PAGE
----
In a preliminary fight to the UFC on Fox card, Darren “Bone Crusher” Uyenoyama out-grappled the favored Norifumi “Kid” Yamamoto to win a rather exciting decision. In this Judo Chop, I examine the Ralph Gracie black belt’s inventive ways to reach the rear mount position and secure that position.
Kid Yamamoto came into this bout as a heavy favorite due to his background as a higher level freestyle wrestler and several explosive knockouts in Japan. Kid has had a high profile for years in MMA and even reached a level of stardom that few people in sports enjoy in Japan. Unfortunately, due to a combination of significant injuries, sub-par outings against tough opponents and perhaps an unwillingness to adjust his training methods, he hit a rough patch in his fighting career in the last couple years. His recent loss to DJ Johnson showed a game and powerful bantamweight who experienced problems with a smaller, faster wrestling-based attack and this bout with Uyenoyama would test his improvements.
Uyenoyama is a Japanese-American from San Francisco and a Ralph Gracie black belt. He started training Brazilian jiu-jitsu in 1999 with the Bay Area crew that belonged to various Ralph Gracie gyms. That crowd at one time or another has included the likes of Kurt Osiander, Dave Camarillo, Luke Stewart and BJ Penn and is still churning out great grapplers known for their top game. In efforts to improve his grappling proficiency, he wrestled for years with the Skyline juco wrestling team. An uneven streak saw Uyenoyama win three Strikeforce fights and put on some good, but non-winning performances in Japan. He bounced back with a win in Shooto by knockout in late 2010 and then waited until the time was ripe to take the UFC bout with Kid Yamamoto on November 12, 2011.
In this fight, we see Uyenoyama, the smaller grappling specialist, drag the fight to his comfort zone and dominate Yamamoto, the larger wrestler. Join me after the jump for many gifs and breakdowns of how Uyenoyama managed to do that and come out with the win.
All gifs are courtesy of Grappo and I thank him enormously for swiftly dealing with this week’s demands.
The fight did not go Uyenoyama’s way at first. Kid had one of the cooler tosses seen in an octagon yet, with this modified harai goshi.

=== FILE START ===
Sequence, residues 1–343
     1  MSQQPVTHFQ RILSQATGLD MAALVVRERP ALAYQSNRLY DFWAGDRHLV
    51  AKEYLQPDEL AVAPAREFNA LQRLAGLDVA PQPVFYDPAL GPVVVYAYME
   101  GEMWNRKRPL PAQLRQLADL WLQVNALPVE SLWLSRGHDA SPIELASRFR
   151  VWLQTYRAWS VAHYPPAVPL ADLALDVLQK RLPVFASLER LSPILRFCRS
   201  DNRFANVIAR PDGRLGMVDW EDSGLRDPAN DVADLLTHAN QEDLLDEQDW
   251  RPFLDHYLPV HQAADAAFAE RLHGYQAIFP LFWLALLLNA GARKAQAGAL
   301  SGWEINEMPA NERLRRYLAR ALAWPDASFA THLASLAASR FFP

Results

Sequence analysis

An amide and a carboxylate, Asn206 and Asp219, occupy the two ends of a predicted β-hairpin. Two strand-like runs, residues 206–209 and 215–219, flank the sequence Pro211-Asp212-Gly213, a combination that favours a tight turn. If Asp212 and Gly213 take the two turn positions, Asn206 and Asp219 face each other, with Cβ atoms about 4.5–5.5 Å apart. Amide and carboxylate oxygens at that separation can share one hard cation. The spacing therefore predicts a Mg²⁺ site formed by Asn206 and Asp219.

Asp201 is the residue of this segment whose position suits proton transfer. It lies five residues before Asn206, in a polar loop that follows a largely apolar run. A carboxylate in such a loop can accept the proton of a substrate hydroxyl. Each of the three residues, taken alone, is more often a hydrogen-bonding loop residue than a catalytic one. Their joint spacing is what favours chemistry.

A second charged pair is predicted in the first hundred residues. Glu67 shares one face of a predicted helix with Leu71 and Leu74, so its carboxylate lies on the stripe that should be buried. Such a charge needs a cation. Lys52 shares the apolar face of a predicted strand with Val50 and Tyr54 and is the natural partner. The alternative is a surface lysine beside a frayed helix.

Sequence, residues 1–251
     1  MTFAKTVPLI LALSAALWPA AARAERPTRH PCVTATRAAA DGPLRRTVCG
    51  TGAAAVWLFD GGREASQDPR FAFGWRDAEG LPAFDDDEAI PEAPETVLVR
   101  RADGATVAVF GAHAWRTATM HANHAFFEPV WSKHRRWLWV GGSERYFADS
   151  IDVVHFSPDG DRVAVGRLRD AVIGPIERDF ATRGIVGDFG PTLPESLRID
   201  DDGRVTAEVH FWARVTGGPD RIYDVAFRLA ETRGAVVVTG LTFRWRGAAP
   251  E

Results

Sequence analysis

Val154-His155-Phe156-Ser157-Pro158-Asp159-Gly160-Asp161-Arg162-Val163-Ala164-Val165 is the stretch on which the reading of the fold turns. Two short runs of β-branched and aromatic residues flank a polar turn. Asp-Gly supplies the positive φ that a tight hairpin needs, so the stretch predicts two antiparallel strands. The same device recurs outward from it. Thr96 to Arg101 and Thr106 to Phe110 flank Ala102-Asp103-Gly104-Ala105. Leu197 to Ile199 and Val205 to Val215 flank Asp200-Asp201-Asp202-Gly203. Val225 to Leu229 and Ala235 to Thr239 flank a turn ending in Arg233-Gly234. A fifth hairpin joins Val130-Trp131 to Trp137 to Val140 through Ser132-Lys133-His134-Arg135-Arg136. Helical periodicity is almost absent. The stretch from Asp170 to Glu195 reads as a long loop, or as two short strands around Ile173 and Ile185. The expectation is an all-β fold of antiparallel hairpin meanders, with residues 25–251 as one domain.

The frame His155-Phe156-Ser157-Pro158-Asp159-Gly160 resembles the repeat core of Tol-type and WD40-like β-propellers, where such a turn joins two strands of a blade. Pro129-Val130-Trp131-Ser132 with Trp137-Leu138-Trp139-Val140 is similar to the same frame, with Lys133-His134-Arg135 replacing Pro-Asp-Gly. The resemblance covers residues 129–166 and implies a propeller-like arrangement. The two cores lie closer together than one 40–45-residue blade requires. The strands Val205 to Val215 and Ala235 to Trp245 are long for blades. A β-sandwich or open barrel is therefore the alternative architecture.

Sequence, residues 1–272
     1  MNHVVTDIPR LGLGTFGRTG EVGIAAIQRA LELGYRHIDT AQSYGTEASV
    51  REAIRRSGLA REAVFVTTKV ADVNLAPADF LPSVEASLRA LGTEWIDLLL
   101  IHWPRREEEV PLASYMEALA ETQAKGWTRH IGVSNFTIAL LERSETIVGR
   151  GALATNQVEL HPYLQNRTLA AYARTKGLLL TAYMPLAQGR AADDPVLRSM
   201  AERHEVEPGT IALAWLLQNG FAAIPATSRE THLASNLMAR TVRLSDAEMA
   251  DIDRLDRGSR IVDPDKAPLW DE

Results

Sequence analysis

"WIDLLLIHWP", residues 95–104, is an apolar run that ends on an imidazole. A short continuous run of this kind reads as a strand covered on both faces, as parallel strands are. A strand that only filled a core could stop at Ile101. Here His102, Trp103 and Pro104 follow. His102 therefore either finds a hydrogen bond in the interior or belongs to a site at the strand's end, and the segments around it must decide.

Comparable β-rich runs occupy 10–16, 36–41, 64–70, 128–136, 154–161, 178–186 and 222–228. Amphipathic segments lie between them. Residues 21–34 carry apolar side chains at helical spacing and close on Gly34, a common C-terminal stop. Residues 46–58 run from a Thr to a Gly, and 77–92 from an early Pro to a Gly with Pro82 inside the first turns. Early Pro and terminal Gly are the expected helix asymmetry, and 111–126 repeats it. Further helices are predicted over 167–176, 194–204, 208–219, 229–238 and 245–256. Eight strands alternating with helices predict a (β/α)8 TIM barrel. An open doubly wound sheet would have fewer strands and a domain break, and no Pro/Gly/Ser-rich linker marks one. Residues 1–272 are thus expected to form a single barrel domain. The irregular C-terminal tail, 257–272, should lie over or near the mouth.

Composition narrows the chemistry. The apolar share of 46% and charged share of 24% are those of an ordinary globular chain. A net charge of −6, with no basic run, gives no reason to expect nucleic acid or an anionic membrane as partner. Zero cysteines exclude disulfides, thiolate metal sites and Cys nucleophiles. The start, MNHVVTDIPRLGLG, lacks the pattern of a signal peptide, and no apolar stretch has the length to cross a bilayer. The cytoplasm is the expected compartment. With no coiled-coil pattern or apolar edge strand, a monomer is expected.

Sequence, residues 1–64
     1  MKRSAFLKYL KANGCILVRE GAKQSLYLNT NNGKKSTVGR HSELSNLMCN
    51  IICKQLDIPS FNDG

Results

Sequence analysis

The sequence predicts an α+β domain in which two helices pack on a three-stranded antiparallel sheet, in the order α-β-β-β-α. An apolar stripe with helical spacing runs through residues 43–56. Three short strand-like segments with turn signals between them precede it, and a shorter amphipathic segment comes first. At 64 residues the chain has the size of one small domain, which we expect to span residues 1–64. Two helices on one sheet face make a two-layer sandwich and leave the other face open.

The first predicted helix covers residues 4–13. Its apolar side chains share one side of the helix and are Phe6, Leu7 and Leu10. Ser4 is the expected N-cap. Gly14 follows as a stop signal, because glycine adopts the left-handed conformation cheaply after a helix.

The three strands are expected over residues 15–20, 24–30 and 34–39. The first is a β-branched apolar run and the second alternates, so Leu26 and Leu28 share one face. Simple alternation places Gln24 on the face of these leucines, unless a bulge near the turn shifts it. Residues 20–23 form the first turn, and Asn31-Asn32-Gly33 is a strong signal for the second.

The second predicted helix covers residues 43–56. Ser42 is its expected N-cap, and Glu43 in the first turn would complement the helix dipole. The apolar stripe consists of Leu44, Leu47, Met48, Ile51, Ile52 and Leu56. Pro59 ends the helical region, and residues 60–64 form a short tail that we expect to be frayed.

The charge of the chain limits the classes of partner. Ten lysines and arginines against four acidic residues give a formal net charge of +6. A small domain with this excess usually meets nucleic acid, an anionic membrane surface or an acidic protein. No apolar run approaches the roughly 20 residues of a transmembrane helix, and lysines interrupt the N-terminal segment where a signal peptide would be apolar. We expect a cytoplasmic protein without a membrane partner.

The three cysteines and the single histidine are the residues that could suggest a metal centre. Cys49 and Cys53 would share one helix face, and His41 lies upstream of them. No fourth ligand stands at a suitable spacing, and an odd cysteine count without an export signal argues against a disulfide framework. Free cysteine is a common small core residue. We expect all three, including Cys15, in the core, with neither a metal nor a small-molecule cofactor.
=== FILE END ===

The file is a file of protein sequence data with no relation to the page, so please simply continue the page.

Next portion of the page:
It’s reminiscent of Karo’s early days and lands him in a perfect side control position. The tie-up that Uyenoyama is attempting and his forwards momentum make this a fantastic time for Kid to switch hips, pull up and get below Darren. Bam! Watch Uyenoyama’s legs after the throw – he is already scrambling to improve his position to half guard, which is a hint of things to come.
In the first round, Uyenoyama had one of the strangest back takes I have ever seen.
Kid is trying to finish a single leg and score points, while leaving an opening for him to throw punches or moveinto side control. Darren has his arms wrapped around Yamamoto’s body in a classic wrestling takedown defense position. Sensing the weight distribution of Uyenoyama, Kid decides to go for the pass into side control and kicks his left leg out and back to bring his hips around. Darren shifts his grip, as Yamamoto moves, to the seat belt position (with his right hand angling down from Yamamoto’s right shoulder and his left hand angling up from the left ribcage area). Both hands meet below Yamamoto’s chin and lock in an s-grip.
Kid realizes that he’s moved himself into a danger zone and bases the arm out to prevent Uyenoyama from tossing him to his back and attempt to achieve mount or side control. Kid wants to roll to his right and work his way out of the danger zone, so he goes for it. However, Darren has the over-under grip, a hook in and Yamamoto’s right arm is stuck on the other side of Darren’s body. When Kid rolls, Darren stays glued to his back and now the space for the left hook to be placed is wide open.
After some maneuvering to keep the position, Uyenoyama ends up with the classic rear mount body lock position. His left leg is placed horizontally across Kid’s belly and the back of the right leg is placed across his left leg’s shin to complete the body lock in a triangle-like fashion. This is usually not a submission in and of itself, but it compresses the abdomen in such a way that is uncomfortable and energy-draining. After being so swiftly maneuvered from a position of advantage to a sinking pit of danger, Kid needs to get out of this as soon as he can manufacture an escape. Unfortunately, Yamamoto would not construct a real mount escape during this bout.
With 31 seconds left in the round, Darren decides to try and punch Kid in the face, looking both to deal damage and to annoy/bait Kid into yielding a submission opportunity. Note that the body lock is on Kid’s right side and he rolls towards that side. Uyenoyama wants to keep the body lock, but Kid manages to create a situation where it is better for Uyenoyama to let it go and move to a more conventional rear mount position. Now is the best time for Kid to escape. However, he does not block Uyenoyama from regripping the seatbelt position and even opens himself up to a short choke attempt; instead of trying for the classic mata leo choke, Uyenoyama decides to gable grip the hand across the neck and pulls backwards. Anderson Silva finished Dan Henderson with this style of rear naked choke back at UFC 82. Yamamoto is lucky that time is short and rides out the round without tapping.